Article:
news
Have you tried new the Independent Digital Edition apps?
ebooks
ebooksA celebration of British elections
  • Get to the point
2015 General Election
May2015

Poll of Polls

Latest stories from i100
Have you tried new the Independent Digital Edition apps?
Independent Dating
and  

By clicking 'Search' you
are agreeing to our
Terms of Use.

iJobs Job Widget
iJobs General

Ashdown Group: Trainee Consultant - Surrey/ South West London

£22000 per annum + pension,bonus,career progression: Ashdown Group: An establi...

Ashdown Group: Trainee Consultant - Surrey / South West London

£22000 per annum + pension,bonus,career progression: Ashdown Group: An establi...

Ashdown Group: Recruitment Consultant / Account Manager - Surrey / SW London

£40000 per annum + realistic targets: Ashdown Group: A thriving recruitment co...

Ashdown Group: Part-time Payroll Officer - Yorkshire - Professional Services

£25000 per annum: Ashdown Group: A successful professional services firm is lo...

Day In a Page

Fishing for votes with Nigel Farage: The Ukip leader shows how he can work an audience as he casts his line to the disaffected of Grimsby

Fishing is on Nigel Farage's mind

Ukip leader casts a line to the disaffected
Who is bombing whom in the Middle East? It's amazing they don't all hit each other

Who is bombing whom in the Middle East?

Robert Fisk untangles the countries and factions
China's influence on fashion: At the top of the game both creatively and commercially

China's influence on fashion

At the top of the game both creatively and commercially
Lord O’Donnell: Former cabinet secretary on the election and life away from the levers of power

The man known as GOD has a reputation for getting the job done

Lord O'Donnell's three principles of rule
Rainbow shades: It's all bright on the night

Rainbow shades

It's all bright on the night
'It was first time I had ever tasted chocolate. I kept a piece, and when Amsterdam was liberated, I gave it to the first Allied soldier I saw'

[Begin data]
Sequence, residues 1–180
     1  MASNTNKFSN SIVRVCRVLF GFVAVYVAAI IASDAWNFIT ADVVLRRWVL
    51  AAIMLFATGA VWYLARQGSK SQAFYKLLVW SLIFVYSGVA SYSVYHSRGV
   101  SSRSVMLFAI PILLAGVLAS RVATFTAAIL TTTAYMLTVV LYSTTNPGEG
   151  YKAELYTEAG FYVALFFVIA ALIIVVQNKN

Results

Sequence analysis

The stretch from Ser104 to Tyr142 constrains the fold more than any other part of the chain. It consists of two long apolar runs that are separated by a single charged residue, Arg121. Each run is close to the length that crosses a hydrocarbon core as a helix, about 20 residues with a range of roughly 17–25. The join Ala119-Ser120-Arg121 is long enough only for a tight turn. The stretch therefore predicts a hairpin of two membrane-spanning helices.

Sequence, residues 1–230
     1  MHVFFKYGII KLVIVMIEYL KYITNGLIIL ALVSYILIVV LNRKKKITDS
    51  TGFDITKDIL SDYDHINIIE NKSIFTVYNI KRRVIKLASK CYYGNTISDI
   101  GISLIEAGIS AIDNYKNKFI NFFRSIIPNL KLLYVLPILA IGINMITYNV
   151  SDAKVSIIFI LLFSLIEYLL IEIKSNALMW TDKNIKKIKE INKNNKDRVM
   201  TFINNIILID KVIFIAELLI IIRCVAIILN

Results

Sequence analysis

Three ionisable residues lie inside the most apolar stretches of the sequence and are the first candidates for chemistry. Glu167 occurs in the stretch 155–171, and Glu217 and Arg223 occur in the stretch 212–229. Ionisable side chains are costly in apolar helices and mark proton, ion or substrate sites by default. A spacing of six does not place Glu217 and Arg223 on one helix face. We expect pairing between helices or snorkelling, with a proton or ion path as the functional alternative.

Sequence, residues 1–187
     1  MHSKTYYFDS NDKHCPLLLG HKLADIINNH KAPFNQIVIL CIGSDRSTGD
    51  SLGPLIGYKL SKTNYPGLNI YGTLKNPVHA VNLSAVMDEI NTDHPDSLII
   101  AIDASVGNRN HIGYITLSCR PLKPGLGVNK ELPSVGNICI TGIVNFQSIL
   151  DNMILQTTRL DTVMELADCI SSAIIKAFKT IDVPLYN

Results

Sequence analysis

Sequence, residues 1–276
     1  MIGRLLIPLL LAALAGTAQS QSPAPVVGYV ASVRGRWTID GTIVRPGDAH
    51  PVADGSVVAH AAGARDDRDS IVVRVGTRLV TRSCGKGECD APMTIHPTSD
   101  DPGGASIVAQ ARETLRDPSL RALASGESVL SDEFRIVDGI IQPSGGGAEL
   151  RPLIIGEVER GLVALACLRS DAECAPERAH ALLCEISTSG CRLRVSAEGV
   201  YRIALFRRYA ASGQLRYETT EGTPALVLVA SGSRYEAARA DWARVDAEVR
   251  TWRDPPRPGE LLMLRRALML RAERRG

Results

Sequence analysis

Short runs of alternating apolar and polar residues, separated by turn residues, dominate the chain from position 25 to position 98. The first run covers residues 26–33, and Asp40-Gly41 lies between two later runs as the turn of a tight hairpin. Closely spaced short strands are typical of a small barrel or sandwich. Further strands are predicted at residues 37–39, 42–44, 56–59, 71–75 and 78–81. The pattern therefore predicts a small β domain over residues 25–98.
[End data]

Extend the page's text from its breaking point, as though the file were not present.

Bread from heaven

Dutch survivors thank RAF for World War II drop that saved millions
Britain will be 'run for the wealthy and powerful' if Tories retain power - Labour

How 'the Axe' helped Labour

UK will be 'run for the wealthy and powerful' if Tories retain power
Rare and exclusive video shows the horrific price paid by activists for challenging the rule of jihadist extremists in Syria

The price to be paid for challenging the rule of extremists

A revolution now 'consuming its own children'
Welcome to the world of Megagames

Welcome to the world of Megagames

300 players take part in Watch the Skies! board game in London
'Nymphomaniac' actress reveals what it was really like to star in one of the most explicit films ever

Charlotte Gainsbourg on 'Nymphomaniac'

Starring in one of the most explicit films ever
Robert Fisk in Abu Dhabi: The Emirates' out-of-sight migrant workers helping to build the dream projects of its rulers

Robert Fisk in Abu Dhabi

The Emirates' out-of-sight migrant workers helping to build the dream projects of its rulers
Vince Cable interview: Charging fees for employment tribunals was 'a very bad move'

Vince Cable exclusive interview

Charging fees for employment tribunals was 'a very bad move'
Iwan Rheon interview: Game of Thrones star returns to his Welsh roots to record debut album

Iwan Rheon is returning to his Welsh roots

Rheon is best known for his role as the Bastard of Bolton. It's gruelling playing a sadistic torturer, he tells Craig McLean, but it hasn't stopped him recording an album of Welsh psychedelia
Morne Hardenberg interview: Cameraman for BBC's upcoming show Shark on filming the ocean's most dangerous predator

It's time for my close-up

Meet the man who films great whites for a living
Increasing numbers of homeless people in America keep their mobile phones on the streets

Homeless people keep mobile phones

A homeless person with a smartphone is a common sight in the US. And that's creating a network where the 'hobo' community can share information - and fight stigma - like never before